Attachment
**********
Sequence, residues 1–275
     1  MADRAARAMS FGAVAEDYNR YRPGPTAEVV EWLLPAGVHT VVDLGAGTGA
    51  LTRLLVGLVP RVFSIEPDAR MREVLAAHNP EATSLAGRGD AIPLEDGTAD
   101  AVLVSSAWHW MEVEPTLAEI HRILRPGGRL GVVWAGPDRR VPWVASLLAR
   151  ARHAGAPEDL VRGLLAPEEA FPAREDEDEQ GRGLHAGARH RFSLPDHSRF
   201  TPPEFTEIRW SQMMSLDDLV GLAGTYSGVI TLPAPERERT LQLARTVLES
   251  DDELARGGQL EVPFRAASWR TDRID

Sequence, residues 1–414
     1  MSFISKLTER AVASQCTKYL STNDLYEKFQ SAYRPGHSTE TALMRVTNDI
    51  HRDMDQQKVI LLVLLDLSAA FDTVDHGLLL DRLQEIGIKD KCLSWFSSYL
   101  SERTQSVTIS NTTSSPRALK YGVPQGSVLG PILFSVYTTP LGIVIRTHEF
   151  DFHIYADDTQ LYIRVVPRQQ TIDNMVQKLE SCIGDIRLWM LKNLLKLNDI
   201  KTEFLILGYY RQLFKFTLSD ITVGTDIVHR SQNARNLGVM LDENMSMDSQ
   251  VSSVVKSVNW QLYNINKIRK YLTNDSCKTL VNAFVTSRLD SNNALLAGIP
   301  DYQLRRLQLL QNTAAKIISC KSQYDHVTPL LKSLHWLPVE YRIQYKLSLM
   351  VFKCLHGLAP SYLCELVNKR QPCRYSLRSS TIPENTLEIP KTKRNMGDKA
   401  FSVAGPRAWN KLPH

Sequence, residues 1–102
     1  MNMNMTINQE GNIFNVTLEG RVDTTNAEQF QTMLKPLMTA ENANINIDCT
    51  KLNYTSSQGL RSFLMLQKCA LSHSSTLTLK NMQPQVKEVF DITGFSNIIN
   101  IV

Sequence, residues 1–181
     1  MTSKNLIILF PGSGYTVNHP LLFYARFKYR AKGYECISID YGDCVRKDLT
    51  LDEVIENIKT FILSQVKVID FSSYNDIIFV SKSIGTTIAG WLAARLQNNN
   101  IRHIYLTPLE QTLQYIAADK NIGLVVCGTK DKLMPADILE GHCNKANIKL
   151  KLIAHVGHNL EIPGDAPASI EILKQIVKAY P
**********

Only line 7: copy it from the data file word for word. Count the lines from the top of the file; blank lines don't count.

   251  DDELARGGQL EVPFRAASWR TDRID